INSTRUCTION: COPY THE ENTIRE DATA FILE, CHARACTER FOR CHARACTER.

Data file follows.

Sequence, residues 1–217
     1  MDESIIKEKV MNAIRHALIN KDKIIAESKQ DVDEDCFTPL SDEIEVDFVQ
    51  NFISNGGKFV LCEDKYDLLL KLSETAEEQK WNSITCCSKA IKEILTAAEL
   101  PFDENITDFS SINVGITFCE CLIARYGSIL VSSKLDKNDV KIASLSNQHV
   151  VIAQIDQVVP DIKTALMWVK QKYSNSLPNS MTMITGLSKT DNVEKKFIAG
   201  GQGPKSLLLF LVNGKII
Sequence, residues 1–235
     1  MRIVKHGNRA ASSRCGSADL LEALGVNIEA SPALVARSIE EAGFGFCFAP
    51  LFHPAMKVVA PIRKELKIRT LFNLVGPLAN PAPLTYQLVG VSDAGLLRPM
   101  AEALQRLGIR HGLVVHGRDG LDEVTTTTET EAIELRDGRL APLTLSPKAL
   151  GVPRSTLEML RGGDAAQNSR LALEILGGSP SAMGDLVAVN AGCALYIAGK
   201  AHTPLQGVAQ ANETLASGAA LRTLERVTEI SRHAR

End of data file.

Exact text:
Sequence, residues 1–217
     1  MDESIIKEKV MNAIRHALIN KDKIIAESKQ DVDEDCFTPL SDEIEVDFVQ
    51  NFISNGGKFV LCEDKYDLLL KLSETAEEQK WNSITCCSKA IKEILTAAEL
   101  PFDENITDFS SINVGITFCE CLIARYGSIL VSSKLDKNDV KIASLSNQHV
   151  VIAQIDQVVP DIKTALMWVK QKYSNSLPNS MTMITGLSKT DNVEKKFIAG
   201  GQGPKSLLLF LVNGKII
Sequence, residues 1–235
     1  MRIVKHGNRA ASSRCGSADL LEALGVNIEA SPALVARSIE EAGFGFCFAP
    51  LFHPAMKVVA PIRKELKIRT LFNLVGPLAN PAPLTYQLVG VSDAGLLRPM
   101  AEALQRLGIR HGLVVHGRDG LDEVTTTTET EAIELRDGRL APLTLSPKAL
   151  GVPRSTLEML RGGDAAQNSR LALEILGGSP SAMGDLVAVN AGCALYIAGK
   201  AHTPLQGVAQ ANETLASGAA LRTLERVTEI SRHAR